The wimp factor was a one day, one week, story from one magazine. I mean, how do you call him a wimp? You’re going to be called a wimp? That’s such a push, a stretch. He’s been called a lot of things politically, but wimp is not one of them. And no one bought it…

In fact, I look back on the things that we did in the White House while I was there, I think one of the worst things we did, we broke the major stories a lot of times for the weekly newsmagazines and they never gave us a fair shake. I told President-elect Bush the same thing. Every time we thought we were doing the right thing, we got burned. Such as that morphed cover in Time magazine. As another example where the press had a preconceived notion, I will tell you a short story.  I join the White House and right away, my first assignment in the White House in ’89, in early ’89. The President’s doing an interview with John Apple of the New York Times and the story out there was that George Bush was timid, if you recall. Everybody said, Timid. So I looked up the word timid, and I said, Mr. President, I know he’s going to ask you about this timid factor. Here’s about six ways to characterize it if it comes up. Johnny, You call it timid, I call it conservative. You call it timid, I call it prudent. You call it timid, I call it safe. So, sure enough, John Apple said, Well, what about the timid thing? Everyone says you’re timid. The President said, You call it timid, I call it prudent. And that’s where wouldn’t be prudent came to be utilized by the press and comedian Dana Carvey…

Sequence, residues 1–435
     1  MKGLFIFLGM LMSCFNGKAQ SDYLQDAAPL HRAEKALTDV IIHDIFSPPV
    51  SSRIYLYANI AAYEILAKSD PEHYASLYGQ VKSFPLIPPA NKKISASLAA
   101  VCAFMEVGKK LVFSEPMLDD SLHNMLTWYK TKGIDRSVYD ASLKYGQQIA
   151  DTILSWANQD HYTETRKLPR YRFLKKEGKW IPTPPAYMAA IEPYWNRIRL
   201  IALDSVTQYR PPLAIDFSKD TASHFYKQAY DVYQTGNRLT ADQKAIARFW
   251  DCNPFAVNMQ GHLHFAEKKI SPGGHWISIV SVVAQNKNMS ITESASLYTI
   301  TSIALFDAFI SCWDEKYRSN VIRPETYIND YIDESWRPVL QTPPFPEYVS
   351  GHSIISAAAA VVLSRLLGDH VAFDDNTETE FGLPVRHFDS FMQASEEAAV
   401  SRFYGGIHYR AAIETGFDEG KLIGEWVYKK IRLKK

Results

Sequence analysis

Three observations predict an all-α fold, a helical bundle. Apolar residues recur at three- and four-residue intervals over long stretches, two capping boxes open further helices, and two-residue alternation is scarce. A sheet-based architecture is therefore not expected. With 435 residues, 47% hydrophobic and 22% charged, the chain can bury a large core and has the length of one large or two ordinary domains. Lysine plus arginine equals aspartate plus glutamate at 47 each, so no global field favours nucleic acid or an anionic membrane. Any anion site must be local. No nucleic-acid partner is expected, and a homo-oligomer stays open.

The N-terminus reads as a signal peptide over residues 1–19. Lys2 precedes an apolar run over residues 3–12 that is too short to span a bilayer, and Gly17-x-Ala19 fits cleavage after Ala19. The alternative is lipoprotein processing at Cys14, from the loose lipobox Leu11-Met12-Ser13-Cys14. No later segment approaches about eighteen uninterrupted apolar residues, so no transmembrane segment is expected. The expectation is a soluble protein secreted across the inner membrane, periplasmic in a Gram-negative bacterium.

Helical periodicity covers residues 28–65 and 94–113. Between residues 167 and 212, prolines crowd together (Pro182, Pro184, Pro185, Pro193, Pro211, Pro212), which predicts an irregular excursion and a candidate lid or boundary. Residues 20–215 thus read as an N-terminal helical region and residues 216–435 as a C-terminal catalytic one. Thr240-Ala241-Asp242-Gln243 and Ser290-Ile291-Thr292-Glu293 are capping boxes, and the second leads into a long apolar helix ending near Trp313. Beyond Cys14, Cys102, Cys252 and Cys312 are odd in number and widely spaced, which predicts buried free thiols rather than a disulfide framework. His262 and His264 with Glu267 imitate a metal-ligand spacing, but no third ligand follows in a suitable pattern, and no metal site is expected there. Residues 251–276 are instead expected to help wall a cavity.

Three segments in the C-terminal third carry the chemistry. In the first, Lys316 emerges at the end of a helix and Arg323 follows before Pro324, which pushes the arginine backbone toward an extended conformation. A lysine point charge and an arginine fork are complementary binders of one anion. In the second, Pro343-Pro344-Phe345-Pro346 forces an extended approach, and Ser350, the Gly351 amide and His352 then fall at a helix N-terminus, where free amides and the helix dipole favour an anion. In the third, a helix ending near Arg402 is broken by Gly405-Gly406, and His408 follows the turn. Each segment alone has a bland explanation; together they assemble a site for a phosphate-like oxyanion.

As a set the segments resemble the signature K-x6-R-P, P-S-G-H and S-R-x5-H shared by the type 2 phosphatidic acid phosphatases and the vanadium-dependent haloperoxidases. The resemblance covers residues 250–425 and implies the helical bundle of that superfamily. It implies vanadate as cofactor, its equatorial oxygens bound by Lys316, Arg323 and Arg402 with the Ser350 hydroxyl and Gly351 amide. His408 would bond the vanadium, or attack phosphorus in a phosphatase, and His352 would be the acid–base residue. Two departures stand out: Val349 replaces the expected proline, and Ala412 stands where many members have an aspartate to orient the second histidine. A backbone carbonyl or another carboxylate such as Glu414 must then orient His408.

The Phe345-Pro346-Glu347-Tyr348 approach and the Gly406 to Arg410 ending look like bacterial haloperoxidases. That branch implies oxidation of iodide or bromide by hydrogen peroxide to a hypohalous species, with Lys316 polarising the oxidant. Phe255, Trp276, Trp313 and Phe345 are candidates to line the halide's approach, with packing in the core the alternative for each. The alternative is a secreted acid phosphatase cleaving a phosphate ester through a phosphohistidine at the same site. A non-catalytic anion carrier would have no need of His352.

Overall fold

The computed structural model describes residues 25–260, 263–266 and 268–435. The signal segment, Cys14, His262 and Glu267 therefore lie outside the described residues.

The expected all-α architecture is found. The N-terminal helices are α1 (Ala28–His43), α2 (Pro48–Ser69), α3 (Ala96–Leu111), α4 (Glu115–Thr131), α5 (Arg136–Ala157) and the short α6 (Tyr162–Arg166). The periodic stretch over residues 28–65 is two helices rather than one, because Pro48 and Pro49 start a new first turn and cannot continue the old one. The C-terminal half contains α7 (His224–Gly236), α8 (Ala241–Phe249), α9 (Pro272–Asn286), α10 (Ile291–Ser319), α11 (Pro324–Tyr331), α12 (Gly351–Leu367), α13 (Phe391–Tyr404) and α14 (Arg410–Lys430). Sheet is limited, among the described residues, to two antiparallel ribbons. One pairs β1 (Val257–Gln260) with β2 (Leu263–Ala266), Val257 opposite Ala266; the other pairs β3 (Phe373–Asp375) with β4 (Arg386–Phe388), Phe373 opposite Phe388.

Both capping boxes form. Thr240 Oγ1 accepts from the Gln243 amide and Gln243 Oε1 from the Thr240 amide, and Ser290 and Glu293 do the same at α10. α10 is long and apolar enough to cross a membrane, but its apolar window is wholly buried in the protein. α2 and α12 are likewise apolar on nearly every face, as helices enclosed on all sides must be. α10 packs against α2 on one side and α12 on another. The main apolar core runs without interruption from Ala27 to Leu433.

So I look back, I just think we failed to share the special personality of the President with the American people.

Bonnie Hackman Franklin, Commerce Secretary, also agreed that Bush was unfairly characterized because of his style and personality: